The Latest On: Obama administration
EPA proposes strict rules on pesticide testing
At a Senate Environment and Public Works Committee hearing to discuss clean drinking water, today, Administrator Lisa Jackson announced that the agency would be setting the first-ever standard to limit perchlorate in our water. Perchlorate is a toxic rocket fuel ingredient that is especially harmful to fetuses, babies and young children.
In the not-too-distant past, Interior Sec. Ken Salazar issued a bold call to action for his department. With authority over hundreds of millions of acres of public lands and the vast majority of coal, oil, and gas owned by taxpayers, he stated that his department would be "taking the lead" in protecting the nation's wildlife and water from climate change, and that doing so would "require us to change how we manage the lands."
(Clean air is a life saver, which is why Earthjustice is working to ensure that polluters don’t stand in the way of safeguards against air pollution. Here’s a round up of some recent news in the ongoing campaign to protect our Right to Breathe.)
Use the #right2breathe hashtag on Twitter to track campaign updates.
(A powerful faction in the new Congress has allied with industry to weaken our nation’s most basic environmental laws. Earthjustice will report on this expected barrage of legislative attacks as they occur.)
<<<Update 6 p.m., Monday, Jan. 31: Sen. John D. "Jay" Rockefeller has introduced his own “Dirty Air Act.” Like Sen. Barrasso's bill (see below), Sen. Rockefeller's bill blocks the Environmental Protection Agency’s ability to limit carbon dioxide emissions for two more years.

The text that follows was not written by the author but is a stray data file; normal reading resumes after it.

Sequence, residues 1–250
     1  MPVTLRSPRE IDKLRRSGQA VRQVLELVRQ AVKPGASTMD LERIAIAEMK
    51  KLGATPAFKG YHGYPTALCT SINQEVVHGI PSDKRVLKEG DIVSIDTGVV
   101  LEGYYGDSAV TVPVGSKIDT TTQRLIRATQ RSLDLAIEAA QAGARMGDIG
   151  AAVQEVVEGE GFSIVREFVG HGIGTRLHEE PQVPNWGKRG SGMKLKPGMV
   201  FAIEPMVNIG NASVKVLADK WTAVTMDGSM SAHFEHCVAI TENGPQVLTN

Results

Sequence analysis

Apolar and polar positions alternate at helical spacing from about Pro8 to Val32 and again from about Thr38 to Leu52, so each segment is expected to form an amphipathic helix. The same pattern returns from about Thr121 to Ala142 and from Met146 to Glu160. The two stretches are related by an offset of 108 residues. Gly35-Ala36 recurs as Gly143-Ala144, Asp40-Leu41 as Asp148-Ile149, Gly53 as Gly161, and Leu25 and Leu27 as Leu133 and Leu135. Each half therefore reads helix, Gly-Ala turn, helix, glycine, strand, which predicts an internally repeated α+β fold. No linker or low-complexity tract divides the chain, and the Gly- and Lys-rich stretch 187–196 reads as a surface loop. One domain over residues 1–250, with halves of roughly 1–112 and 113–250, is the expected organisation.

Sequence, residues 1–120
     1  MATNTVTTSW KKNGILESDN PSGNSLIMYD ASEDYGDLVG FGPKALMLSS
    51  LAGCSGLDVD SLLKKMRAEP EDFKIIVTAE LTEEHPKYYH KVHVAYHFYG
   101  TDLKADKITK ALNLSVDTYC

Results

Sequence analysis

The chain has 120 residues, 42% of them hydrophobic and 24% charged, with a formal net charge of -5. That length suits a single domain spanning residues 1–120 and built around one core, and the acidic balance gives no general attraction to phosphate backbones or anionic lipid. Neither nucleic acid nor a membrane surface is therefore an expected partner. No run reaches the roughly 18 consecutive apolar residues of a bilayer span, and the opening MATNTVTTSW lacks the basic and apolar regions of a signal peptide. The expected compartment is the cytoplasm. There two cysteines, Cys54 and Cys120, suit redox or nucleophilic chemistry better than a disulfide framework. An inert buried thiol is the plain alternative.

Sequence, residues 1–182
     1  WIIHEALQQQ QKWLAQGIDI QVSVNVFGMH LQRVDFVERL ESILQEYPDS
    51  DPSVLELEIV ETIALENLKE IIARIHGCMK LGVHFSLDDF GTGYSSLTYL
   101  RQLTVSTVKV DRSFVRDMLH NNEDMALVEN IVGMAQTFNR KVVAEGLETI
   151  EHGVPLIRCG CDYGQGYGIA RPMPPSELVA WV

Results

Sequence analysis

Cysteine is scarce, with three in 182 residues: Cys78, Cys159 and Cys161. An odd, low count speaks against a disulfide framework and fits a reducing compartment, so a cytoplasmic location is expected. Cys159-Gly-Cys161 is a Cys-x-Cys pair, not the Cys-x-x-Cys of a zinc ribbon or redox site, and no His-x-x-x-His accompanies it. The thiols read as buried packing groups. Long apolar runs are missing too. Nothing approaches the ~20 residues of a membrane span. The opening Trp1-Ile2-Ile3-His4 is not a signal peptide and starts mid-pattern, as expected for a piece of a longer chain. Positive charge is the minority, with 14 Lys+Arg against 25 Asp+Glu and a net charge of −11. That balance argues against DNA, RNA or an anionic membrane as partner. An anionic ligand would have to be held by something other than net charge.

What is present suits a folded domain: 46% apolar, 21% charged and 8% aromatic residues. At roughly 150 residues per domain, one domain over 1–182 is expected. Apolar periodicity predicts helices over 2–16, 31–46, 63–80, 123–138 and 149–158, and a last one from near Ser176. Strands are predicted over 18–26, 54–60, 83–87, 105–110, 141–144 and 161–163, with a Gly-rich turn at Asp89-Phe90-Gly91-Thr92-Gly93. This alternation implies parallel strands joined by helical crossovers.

Whether or not the United States addresses impending climate change hinges largely on the marketing message driving the discussion. Last night, President Barack Obama made his best pitch to reframe the climate change debate, casting it through the prism of a Works Progress Administration-style plan for achieving a clean energy future.
Last night in his State of the Union address, President Barack Obama rightly spoke about the importance of growing a clean energy economy. Dedicating a chunk of his speech to the promise of the clean energy sector of the economy and the necessity for us as a nation to invest in this sector, the president issued a promise to America's scientists and engineers: If they innovate and come up with clean energy solutions, our government will invest in them and scale them up.
Despite obvious differences, the icy Arctic Ocean and the warm, deep waters of the Gulf of Mexico have an important commonality: we aren’t prepared to safely drill for oil in either place. Last year’s Gulf spill – which killed 11 rig workers and fouled waters that nourish ecosystems and economies alike – is a harsh illustration of that simple fact.